business opportunity

IPO, Warner Music and ZoomInfo

For Immediate Release

Chicago, IL – June 11, 2020 – Today, Zacks Investment Ideas feature highlights Features: IPO, Warner Music Group WMG and ZoomInfo ZI.

Caution: The Red-Hot IPO Market Could Burn You

The 2020 IPO market is red hot this month, as retail investors take on an aggressive investing approach. There seems to be endless risk-on appetite driven by young trader/investors who want to get on the ground floor of hot new stocks as the wind in blue chips’ sails seems to be dying down.

The Renaissance IPO ETF has surged 23% year-to-date, pushing the innovation-driven ETF to all-time highs. This ETF’s holdings are primarily made up of 2018 and 2019 IPOs, but we are beginning to see more 2020 IPOs join the ranks as the fund phases out 2018 debuted stocks.

Enterprises are seeing this as an opportunistic time to raise public funding, with investors hunting for fresh new stocks. Nikola Motor (NKLA) is one such example, although they entered the market in a very peculiar way. The stock had initially traded under VectorIQ, but Nikola merged with the firm on June 2nd and debuted the new NKLA shares on June 4th. Since the merger, the shares have skyrocketed over 150%.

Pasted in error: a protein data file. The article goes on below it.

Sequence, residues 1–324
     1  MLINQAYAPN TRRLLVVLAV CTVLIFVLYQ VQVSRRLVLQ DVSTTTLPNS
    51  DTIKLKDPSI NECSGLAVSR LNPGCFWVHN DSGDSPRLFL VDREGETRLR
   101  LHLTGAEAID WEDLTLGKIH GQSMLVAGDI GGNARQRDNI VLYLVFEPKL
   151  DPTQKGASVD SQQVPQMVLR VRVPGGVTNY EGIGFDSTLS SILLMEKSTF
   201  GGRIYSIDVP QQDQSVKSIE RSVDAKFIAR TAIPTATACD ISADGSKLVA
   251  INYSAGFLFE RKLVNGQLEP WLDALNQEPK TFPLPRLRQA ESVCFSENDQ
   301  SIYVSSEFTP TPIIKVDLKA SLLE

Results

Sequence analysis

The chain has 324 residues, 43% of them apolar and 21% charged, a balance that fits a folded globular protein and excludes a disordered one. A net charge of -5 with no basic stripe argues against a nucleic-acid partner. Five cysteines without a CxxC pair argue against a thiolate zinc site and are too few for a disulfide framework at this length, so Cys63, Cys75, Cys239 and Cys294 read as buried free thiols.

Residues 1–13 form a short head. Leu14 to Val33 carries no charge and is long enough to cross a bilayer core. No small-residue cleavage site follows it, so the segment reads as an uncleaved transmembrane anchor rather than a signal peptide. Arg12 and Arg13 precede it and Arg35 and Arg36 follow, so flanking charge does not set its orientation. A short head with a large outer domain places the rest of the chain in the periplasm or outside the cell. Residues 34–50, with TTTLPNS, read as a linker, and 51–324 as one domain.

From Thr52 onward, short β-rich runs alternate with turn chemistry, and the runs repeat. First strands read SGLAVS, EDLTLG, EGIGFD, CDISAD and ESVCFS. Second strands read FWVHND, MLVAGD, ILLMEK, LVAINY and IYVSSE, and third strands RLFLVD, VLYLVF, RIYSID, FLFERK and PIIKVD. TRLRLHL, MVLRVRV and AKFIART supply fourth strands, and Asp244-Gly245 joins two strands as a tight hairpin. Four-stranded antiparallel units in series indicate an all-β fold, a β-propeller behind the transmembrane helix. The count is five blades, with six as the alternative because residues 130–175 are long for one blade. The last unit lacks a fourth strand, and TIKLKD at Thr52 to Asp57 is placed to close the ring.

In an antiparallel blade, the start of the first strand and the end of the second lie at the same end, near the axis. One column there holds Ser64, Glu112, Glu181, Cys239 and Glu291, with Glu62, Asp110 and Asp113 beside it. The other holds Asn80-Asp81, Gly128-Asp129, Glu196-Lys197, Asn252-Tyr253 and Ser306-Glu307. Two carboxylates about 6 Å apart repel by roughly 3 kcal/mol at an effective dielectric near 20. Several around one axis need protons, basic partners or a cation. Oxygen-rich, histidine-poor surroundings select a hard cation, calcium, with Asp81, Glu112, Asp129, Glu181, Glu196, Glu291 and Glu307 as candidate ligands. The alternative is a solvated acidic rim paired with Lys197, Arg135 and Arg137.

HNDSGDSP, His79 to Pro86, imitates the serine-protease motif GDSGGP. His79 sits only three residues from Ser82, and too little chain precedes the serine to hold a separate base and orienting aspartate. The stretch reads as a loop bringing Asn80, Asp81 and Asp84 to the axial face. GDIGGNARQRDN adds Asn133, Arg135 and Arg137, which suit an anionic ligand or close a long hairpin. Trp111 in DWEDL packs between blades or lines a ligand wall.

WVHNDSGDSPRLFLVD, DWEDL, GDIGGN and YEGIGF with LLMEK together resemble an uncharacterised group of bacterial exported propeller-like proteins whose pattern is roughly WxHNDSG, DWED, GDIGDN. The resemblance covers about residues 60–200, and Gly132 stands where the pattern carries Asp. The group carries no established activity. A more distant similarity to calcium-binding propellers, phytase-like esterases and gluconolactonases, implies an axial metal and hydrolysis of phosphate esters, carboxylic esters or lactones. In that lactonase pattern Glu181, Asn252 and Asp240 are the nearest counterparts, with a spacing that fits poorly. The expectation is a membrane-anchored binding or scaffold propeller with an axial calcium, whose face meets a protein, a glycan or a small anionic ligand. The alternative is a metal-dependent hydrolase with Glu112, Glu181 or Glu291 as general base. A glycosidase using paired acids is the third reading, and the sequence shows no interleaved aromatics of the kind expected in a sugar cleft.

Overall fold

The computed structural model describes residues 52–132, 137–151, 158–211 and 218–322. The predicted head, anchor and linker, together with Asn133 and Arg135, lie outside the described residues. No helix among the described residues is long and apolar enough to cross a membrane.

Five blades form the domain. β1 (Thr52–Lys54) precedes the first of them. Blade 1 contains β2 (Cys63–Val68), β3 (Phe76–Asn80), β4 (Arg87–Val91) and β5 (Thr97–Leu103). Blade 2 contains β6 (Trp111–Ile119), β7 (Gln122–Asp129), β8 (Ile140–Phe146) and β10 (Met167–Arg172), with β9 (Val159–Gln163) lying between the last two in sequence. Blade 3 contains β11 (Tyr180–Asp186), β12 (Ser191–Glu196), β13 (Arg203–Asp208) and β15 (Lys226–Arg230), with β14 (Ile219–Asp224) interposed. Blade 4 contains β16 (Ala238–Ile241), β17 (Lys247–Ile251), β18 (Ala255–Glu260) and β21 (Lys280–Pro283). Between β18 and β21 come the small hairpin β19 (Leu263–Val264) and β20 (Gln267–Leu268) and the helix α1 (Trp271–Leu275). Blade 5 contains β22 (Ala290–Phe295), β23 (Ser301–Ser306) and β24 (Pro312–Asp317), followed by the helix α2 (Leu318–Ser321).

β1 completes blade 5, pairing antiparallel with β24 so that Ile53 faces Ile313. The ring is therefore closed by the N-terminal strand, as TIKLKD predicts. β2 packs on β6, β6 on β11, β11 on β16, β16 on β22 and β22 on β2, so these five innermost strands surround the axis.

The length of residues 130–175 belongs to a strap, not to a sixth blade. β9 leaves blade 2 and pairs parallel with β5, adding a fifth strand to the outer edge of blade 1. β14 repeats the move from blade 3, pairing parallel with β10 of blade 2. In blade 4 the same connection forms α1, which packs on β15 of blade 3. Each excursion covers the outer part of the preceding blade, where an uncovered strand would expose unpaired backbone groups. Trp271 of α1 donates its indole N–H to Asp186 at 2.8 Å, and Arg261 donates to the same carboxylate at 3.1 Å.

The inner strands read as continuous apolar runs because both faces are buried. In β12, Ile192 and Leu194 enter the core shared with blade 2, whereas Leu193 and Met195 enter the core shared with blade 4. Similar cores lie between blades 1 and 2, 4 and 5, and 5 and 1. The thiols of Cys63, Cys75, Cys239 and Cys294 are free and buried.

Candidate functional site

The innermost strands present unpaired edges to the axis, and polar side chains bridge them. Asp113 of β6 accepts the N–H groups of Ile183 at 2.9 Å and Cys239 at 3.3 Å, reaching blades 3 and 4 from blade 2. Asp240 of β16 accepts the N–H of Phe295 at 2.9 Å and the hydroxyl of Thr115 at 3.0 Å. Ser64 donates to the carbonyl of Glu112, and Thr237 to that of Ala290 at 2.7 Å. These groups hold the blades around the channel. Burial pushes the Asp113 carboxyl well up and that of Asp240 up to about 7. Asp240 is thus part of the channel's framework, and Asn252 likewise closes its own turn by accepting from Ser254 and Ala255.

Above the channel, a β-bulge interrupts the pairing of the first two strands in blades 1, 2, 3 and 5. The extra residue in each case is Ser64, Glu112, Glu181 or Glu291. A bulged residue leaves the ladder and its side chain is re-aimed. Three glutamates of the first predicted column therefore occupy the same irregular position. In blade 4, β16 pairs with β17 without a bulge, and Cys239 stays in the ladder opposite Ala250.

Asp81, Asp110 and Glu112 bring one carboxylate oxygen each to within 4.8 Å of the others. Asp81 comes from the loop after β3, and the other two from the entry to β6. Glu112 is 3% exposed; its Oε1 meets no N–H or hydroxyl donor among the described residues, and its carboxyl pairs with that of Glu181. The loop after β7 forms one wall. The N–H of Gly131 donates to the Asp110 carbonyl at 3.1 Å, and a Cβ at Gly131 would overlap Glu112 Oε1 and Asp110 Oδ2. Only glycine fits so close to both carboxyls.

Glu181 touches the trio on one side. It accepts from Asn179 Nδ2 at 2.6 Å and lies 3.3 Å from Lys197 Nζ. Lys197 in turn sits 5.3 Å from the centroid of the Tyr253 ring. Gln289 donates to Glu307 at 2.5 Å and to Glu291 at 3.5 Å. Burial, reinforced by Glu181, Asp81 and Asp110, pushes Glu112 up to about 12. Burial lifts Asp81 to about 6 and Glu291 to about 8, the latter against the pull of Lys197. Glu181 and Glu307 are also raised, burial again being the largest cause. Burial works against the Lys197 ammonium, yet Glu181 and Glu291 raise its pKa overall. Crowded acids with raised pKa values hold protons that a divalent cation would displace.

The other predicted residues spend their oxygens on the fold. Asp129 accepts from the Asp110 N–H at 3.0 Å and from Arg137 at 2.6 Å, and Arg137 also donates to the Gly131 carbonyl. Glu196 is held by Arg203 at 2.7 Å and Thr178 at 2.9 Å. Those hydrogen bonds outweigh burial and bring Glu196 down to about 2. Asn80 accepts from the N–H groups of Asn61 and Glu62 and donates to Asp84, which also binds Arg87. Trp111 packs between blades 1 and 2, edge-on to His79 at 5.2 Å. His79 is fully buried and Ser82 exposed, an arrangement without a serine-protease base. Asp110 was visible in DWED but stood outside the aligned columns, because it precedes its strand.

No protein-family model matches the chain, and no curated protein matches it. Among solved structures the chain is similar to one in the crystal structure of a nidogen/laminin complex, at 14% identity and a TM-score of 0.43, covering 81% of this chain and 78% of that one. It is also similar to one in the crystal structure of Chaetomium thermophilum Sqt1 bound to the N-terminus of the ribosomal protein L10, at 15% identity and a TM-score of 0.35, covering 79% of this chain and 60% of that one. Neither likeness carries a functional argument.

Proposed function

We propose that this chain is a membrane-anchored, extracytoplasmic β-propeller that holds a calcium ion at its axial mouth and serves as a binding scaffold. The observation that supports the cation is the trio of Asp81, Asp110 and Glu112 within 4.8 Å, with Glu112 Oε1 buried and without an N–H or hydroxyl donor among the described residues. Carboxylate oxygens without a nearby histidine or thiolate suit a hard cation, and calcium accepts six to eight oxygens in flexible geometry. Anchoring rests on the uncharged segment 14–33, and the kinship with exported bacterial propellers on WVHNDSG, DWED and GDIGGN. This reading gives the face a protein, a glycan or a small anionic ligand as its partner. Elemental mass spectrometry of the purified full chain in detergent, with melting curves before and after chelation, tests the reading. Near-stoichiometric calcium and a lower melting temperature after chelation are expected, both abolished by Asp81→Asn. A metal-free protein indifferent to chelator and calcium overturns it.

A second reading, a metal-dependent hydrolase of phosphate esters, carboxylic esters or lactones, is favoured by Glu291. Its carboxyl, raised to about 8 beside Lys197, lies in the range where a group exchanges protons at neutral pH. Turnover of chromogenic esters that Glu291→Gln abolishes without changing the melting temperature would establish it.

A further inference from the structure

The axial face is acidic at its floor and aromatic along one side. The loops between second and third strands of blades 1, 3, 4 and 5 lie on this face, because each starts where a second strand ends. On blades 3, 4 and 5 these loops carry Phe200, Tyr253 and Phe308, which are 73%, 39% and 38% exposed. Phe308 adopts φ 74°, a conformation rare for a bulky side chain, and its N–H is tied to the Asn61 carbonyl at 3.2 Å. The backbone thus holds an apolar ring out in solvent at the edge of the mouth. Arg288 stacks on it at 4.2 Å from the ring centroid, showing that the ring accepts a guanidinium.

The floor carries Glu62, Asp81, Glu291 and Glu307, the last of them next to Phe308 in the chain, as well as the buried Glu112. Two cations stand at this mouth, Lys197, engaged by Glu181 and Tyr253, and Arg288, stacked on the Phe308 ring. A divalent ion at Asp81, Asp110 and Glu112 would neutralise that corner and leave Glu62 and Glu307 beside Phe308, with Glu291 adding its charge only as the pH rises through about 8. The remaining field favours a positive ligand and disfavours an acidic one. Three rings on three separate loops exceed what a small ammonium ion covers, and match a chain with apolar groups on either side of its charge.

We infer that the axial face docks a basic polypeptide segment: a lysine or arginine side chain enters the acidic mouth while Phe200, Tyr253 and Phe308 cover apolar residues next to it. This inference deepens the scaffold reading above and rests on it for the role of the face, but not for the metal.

Nikola is an electric vehicle company that is yet to sell a single vehicle and has made exactly $0 in sales. Still, highly speculative investors & traders have pushed this enterprise to a valuation of roughly $29 billion. This puts the company’s value at the same level

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Caribbean braces for hurricanes in coronavirus era

By Sarah Marsh and Rodrigo Campos

HAVANA/NEW YORK (Reuters) – Ken Hutton is worried Great Abaco Island in the Bahamas where he lives is far from rebuilt after being devastated by Hurricane Dorian last year yet he is bracing for another hurricane season in the midst of the coronavirus pandemic.

The business consultant feels lucky to have survived Dorian, which tore the hurricane shutters off his house and sucked out the windows.